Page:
- The February nonfarm payrolls report continued to show solid gains of 295K after a downwardly revised 239K the previous month. The unemployment rate fell to 5.5% from 5.7%. Wage growth was the only grey spot, rising only 2% from a year earlier, a slightly slower annual gain than 2.2% in January.
- We expect the Fed will hike rates in June 2015. Fed policymakers showed that they were more positive about the US economy. We do not see faster wage growth as a precondition to Fed tightening, although if wage growth improved this would make the FOMC’s decision easier.
Robust payroll data, despite bad weather
February’s’ employment report confirms the solid recovery of the US labour market. Nonfarm payrolls showed broad gains of 297K. This is the twelfth consecutive month of job gains above 200K. January’s payrolls were revised downward by 18K to show an increase of 239K more jobs. The unemployment rate fell to 5.5% from 5.7%. Looking at the details, leisure and hospitality posted the largest gains, adding 66K jobs. Construction saw a slight slowdown in hiring of 29K compared to the previous month (49K), this could partly be explained by the severe winter weather in the North East. Meanwhile, a stronger dollar is having some impact on manufacturing activity, hiring in the sector remained positive, but slowed down a bit to 8K from 21K.
Wages pull back in February, but wage rise on the cards
Up to now, unemployment has been falling rapidly but wage growth had been a bit sluggish. In February wage growth was up 2% from a year earlier, a slightly slower annual gain than 2.2% in January. On a month on month basis wages grew 0.1% in February, but that followed 0.5% the previous month, suggesting that there could be some payback for the strong wage growth in January. In the past few days, the largest private employer in the US, announced that they will lift the minimum wage. This announcement has already been followed by other large companies suggesting they will do the same. Indeed, we expect that a tighter labour market will result in a modest acceleration of wage growth in 2015.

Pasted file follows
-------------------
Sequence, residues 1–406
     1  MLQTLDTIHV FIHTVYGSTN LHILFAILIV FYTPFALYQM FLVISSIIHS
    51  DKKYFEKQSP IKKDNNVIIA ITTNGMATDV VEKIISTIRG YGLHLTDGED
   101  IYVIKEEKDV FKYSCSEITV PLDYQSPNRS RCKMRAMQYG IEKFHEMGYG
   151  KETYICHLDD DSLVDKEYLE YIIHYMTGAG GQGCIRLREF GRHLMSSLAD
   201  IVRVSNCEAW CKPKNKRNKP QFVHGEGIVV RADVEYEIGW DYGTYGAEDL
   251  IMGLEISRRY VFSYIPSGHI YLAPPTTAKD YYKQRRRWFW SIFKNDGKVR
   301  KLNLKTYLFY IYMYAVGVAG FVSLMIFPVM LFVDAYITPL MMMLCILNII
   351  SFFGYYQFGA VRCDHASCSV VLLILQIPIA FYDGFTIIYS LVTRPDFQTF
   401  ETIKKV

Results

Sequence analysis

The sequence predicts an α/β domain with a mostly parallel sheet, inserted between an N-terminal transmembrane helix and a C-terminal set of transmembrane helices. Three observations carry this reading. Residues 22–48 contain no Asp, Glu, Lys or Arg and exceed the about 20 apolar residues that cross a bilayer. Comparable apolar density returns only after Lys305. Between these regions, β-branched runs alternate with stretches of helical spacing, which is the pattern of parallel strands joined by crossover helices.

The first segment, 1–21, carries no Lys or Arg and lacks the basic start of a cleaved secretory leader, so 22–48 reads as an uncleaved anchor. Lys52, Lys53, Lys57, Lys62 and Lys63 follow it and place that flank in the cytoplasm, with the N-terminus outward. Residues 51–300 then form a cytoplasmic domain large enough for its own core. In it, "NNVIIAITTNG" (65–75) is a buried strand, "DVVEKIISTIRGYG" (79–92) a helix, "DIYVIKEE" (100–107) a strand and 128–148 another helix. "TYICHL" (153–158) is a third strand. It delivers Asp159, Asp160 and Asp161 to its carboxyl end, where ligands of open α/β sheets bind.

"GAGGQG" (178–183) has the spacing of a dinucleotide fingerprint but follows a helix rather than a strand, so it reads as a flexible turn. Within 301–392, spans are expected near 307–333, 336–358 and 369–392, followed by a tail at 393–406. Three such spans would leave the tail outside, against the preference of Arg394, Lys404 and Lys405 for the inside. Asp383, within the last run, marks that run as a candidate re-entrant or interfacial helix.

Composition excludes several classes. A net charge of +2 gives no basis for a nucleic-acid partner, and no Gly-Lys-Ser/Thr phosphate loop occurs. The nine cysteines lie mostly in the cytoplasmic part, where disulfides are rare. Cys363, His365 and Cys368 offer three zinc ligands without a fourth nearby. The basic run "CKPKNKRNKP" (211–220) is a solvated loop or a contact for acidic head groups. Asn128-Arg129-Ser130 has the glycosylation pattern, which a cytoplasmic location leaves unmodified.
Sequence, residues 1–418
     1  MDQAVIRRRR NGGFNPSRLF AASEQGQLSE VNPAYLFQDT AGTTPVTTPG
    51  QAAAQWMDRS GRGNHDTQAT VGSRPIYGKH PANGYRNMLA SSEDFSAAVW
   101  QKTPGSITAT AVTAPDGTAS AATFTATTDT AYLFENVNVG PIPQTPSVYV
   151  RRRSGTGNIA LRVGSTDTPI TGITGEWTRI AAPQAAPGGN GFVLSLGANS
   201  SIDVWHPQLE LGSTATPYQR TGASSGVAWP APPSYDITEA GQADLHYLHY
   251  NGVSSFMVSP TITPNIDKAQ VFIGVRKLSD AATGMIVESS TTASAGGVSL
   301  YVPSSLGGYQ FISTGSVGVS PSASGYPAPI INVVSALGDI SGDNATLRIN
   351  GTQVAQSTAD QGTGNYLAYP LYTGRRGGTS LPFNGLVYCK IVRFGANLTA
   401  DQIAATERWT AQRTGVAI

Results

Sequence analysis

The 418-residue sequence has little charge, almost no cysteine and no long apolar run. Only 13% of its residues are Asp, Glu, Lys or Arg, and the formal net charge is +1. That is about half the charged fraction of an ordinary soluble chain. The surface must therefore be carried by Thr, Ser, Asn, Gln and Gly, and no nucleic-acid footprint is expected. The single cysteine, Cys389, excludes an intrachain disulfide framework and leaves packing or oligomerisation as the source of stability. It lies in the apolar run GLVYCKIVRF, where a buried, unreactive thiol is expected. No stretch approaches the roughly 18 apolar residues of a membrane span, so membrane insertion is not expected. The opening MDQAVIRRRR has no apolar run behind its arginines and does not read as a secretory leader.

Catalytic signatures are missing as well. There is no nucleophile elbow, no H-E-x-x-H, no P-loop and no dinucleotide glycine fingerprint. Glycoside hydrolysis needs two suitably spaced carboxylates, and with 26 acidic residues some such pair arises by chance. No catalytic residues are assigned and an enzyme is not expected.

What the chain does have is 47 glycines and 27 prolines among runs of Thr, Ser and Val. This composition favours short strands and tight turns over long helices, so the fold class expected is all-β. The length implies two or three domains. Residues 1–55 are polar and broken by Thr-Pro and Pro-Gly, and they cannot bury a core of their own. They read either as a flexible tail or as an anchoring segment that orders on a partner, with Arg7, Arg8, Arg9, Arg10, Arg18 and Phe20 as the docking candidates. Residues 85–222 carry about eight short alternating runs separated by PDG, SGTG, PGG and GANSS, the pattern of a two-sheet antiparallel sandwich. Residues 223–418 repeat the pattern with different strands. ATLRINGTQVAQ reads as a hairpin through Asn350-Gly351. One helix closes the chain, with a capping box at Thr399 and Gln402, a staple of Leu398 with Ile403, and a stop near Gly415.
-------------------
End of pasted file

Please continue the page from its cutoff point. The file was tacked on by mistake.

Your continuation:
Fed’s view: employment broadly improving…
Fed policymakers have been quite positive about the US economy. During Chair Yellen’s testimony before the Senate, she mentioned that the employment situation was improving in many dimensions. She was positive about the unemployment rate and the pace of monthly job gains. She mentioned that long-term unemployment had declined substantially and labour market opportunities had recovered to pre-recession levels. Only the participation rate and wage growth had room for improvement.
…case for extensive “patience” is loosing ground
With the labour market on solid footing, FOMC members announced that even if inflation is well below the Fed’s 2% target in the near term, this should not be an impediment to normalising interest rates, as long as core inflation holds up. Several FOMC members (Mr. Fischer, Mr. Williams and Ms. Mester) have said lately that they are of the view that the Fed should not wait too long to raise interest rates, since a late rate hike could force the Fed to be more aggressive in its tightening after the lift-off. FOMC member Dudley, however, has had a more dovish tone and has suggested that raising interest rates too late is safer than acting early.
Our view: Fed’s mid rate hike target in place
We expect the Fed will hike rates in June 2015. We do not see a higher participation rate or faster wage growth as a precondition to Fed to Fed tightening, although if these indicators improved this would make the FOMC’s decision easier. Our forecasts indicate that unemployment will continue to decline this year to around 5% at year-end. As for inflation, we expect that a rise in disposable income resulting from lower oil prices and higher wages, should lift consumption, supporting demand. We see, however, some downside risks for lower core inflation in the coming months, which could delay the Fed’s decision to hike rates.